The attitudes and self-reported practices of New Zealand osteopaths to exercise consultation and its use within osteopathy

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Authors
Mistry, Ritisha
Author ORCID Profiles (clickable)
Degree
Master of Osteopathy
Grantor
Unitec Institute of Technology
Date
2013
Supervisors
Bacon, Catherine
Moran, Robert
Type
Masters Thesis
Ngā Upoko Tukutuku (Māori subject headings)
Keyword
exercise
attitudes to exercise
practice
surveys
questionnaires
New Zealand
osteopaths
osteopathic medicine
ANZSRC Field of Research Code (2020)
Citation
Mistry, R. (2013). The attitudes and self-reported practices of New Zealand osteopaths to exercise consultation and its use within osteopathy. An unpublished research proposal submitted in partial requirement for the degree of Master of Osteopathy.
Abstract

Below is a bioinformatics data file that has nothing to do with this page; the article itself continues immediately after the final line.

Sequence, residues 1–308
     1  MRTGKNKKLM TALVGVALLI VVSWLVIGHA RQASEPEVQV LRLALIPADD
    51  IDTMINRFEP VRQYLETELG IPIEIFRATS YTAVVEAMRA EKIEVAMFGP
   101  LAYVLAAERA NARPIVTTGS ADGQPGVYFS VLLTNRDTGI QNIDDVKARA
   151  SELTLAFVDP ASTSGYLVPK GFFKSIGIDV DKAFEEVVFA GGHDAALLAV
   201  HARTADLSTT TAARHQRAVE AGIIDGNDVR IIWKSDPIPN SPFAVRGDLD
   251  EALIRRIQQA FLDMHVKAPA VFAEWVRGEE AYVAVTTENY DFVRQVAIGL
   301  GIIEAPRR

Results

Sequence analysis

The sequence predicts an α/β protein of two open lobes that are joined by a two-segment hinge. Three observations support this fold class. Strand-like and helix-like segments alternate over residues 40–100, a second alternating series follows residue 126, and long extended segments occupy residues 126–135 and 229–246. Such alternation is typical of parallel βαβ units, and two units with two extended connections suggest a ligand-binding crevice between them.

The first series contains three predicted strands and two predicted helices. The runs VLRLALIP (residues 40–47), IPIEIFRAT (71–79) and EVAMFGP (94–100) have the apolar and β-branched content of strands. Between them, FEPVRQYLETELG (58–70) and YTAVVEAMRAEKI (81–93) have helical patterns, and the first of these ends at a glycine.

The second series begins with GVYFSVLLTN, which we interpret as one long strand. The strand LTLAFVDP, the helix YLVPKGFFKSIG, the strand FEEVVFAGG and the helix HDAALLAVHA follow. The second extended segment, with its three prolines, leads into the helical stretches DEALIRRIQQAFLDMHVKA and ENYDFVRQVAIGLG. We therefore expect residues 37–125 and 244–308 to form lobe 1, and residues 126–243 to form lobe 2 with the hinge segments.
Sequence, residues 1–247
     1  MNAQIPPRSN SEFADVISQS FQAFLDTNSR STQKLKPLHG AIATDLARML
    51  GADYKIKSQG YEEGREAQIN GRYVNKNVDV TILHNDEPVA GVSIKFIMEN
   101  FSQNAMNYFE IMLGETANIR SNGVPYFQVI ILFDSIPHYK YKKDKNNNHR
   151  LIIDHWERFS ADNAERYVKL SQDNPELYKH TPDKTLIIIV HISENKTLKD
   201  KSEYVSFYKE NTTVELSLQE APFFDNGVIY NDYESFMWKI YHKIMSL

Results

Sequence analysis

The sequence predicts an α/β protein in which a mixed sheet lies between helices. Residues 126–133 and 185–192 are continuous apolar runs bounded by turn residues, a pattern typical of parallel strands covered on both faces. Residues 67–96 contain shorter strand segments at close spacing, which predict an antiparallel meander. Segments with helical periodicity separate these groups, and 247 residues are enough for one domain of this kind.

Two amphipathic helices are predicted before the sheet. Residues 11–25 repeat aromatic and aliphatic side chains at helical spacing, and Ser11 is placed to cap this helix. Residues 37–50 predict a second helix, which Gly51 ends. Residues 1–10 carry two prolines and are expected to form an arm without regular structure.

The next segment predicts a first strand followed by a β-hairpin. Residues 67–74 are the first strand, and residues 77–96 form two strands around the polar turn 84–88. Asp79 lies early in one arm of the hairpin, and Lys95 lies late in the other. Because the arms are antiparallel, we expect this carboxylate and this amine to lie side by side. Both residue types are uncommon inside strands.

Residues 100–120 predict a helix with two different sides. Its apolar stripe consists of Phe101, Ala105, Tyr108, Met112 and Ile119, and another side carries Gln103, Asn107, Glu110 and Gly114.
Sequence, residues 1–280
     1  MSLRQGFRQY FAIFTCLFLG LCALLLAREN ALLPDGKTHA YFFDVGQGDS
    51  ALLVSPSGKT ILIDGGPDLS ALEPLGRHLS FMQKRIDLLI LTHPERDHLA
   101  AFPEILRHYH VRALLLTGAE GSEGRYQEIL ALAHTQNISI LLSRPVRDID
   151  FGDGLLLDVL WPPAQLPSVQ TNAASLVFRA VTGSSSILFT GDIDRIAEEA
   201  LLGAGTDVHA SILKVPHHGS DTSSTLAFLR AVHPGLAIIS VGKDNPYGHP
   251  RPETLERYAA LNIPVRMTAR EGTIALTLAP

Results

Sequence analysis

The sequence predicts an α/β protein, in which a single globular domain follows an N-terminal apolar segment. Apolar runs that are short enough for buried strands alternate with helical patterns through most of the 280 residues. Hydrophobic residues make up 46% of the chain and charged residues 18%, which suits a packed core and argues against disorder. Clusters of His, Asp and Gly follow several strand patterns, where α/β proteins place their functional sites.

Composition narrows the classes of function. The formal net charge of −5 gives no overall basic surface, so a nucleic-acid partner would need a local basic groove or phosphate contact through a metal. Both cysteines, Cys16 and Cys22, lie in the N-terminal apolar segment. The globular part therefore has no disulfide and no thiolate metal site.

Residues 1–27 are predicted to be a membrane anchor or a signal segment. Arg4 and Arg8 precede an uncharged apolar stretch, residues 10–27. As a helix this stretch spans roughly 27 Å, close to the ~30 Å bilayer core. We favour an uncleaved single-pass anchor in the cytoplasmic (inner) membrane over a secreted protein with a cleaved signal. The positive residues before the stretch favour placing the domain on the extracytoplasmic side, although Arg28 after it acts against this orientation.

Background: Exercise-based interventions are commonly utilised within many healthcare modalities, although their role in New Zealand osteopathy is unclear. Objectives: Investigate osteopaths’ attitudes and practices of exercise consultation, in the context of general health (GH) and specific medical conditions (SMC); identify factors associated with these practices and attitudes. Methods: Descriptive survey design. New Zealand osteopaths with a current annual practicing certificate were sent an online or printed questionnaire. Results: Response rate was 38% (n=125/332). Degree of positive attitude towards advice for general health (GH) =75±9%; and prescription for specific medical conditions (SMC) =73±6% were similar. The most commonly reported exercise consultation provided was advice for SMC (75±24%), followed by advice for GH (63±30%), prescription for SMC (63±30%) and GH (52±32%). Associations with each of these practices were analysed by ANOVA, and were associated with positive attitudes towards exercise consultation (p<0.05 for all). Training institution was associated with attitudes towards exercise prescription (p=0.03). Increased personal exercise duration was weakly predictive of positive attitudes towards exercise advice (r2= 0.04 for regression model) and associated with practice of advice for GH (p=0.01). Level of academic qualification was associated with practice of advice for SMC (p<0.001). Practice style was associated with practice of prescription for SMC (p=0.03). Common forms of exercise delivery by osteopaths included verbal instructions (87%) and physical demonstration of exercises by the practitioner (73%) or by the patient (62%). Conclusions: These data suggest most NZ osteopaths have a positive attitude towards exercise consultation and incorporate exercise within clinical practice through various methods.
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